This book deals with the history of the working class in twentieth-century Ireland through a close examination of three Cork factories (Irish Steel, Sunbeam Wolsey and the Ford Marina Plant) and the men and men who worked therein.
This is an excellent, well-written book that is accessible to a wide audience. The illustrations are effective in supporting the discussion, and the range of types from statistical data, photographs, plans, and Ordnance Survey maps is commendable and provides an added depth to the writing. The book allows the reader to track a range of developments through a period of history and develop a deeper understanding of the operation of prisons, and the role of courts in Ireland that has thus far not been explored. I have no doubt it will have an important impact on our understanding of the development of these institutions. Fiona Donson, University College Cork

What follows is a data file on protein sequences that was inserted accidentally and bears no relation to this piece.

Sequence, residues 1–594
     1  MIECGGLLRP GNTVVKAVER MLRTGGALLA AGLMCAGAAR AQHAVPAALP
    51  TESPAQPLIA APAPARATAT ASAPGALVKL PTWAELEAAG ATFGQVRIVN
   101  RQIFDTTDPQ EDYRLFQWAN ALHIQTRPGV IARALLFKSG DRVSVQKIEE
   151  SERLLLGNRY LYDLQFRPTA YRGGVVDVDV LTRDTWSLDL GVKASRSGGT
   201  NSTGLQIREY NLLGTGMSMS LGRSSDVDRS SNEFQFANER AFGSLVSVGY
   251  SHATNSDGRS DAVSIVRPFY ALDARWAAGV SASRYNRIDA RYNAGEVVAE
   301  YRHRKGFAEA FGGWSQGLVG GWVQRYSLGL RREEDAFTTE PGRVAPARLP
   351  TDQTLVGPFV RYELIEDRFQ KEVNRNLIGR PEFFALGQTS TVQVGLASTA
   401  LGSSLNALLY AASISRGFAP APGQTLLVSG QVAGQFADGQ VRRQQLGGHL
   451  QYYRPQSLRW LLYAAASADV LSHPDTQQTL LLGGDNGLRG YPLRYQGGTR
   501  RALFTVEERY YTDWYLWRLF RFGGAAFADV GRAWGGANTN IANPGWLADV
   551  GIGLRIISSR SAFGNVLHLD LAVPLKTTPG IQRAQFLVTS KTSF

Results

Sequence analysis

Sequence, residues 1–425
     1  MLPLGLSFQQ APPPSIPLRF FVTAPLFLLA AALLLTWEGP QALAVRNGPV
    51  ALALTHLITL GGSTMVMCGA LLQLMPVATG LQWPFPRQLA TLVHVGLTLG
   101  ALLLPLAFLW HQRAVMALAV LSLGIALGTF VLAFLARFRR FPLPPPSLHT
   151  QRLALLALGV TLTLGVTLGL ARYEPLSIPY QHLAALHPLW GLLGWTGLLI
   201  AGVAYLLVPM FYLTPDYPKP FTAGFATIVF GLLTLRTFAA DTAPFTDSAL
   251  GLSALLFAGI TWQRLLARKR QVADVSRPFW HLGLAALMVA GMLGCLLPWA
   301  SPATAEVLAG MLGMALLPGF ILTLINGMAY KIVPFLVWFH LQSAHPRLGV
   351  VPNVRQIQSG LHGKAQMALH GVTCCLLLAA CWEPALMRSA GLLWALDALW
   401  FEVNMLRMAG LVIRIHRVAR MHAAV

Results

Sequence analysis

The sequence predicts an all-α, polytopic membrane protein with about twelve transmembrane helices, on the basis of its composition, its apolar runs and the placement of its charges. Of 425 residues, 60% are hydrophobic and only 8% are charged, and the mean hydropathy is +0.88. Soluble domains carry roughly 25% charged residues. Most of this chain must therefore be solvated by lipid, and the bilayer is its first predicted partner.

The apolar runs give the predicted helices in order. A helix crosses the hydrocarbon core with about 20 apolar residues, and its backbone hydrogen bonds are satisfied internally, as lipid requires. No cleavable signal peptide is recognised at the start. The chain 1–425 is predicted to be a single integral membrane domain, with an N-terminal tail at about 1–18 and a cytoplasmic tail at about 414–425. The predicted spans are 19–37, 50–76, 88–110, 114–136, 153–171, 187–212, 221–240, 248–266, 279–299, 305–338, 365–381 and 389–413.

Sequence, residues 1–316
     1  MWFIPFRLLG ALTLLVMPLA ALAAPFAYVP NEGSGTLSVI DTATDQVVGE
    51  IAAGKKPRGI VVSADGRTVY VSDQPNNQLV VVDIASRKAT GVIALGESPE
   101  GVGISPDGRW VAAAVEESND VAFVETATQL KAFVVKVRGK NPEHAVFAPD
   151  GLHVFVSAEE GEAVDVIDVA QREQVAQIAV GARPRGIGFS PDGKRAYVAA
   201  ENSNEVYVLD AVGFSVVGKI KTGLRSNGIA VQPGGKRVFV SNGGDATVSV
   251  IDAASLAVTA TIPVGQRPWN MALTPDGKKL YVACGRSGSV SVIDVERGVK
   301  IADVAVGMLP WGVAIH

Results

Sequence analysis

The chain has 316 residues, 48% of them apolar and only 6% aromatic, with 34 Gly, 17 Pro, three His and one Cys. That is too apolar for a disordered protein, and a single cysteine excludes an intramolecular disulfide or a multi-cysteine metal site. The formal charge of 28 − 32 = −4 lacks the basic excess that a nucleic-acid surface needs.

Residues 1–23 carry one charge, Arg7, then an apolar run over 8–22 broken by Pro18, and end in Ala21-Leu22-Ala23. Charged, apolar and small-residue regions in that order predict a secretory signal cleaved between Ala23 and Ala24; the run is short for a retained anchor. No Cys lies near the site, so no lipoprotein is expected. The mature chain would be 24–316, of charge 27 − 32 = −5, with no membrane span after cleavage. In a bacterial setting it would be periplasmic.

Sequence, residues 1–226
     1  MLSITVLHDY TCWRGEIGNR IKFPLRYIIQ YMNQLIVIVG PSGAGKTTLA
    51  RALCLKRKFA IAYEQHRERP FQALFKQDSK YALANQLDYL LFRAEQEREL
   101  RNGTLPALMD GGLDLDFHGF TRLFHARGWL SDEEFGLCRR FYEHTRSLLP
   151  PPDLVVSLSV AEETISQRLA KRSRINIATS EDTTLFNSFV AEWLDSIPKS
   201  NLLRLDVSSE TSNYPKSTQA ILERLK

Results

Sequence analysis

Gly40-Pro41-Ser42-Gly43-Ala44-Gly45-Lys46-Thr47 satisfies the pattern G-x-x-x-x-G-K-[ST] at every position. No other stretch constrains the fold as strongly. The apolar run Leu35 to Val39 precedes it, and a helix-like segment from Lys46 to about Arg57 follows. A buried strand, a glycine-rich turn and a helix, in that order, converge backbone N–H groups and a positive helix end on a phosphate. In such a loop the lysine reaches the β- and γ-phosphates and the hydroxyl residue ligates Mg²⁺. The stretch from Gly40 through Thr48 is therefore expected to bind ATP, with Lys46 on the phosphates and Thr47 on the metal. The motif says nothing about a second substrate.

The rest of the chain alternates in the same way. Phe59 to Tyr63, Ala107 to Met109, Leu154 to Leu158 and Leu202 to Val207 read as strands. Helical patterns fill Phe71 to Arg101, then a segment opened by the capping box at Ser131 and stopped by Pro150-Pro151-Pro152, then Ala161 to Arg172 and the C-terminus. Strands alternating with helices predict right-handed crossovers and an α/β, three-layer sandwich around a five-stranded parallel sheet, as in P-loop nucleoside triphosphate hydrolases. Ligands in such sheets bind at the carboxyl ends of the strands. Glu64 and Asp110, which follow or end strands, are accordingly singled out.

Departing from previous labour history in Ireland, this book uses a comparative factory study approach – combined with extensive oral testimony – to break new ground in Irish labour history. The book includes fresh research on the business histories of each firm through extensive archival research, expanding our knowledge of three significant Irish firms. It also draws on a vast pool of oral interviews to explore working-class community life and associational culture, trade-unionism, class awareness and the gendered aspects of working-class life in modern Ireland.
• First work to employ a comparative factory study approach in an Irish context
• Based on the oral testimony of over sixty narrators
• First oral history in Ireland to examine male and female working lives comparatively
• First scholarly history of two of Ireland’s largest industrial employers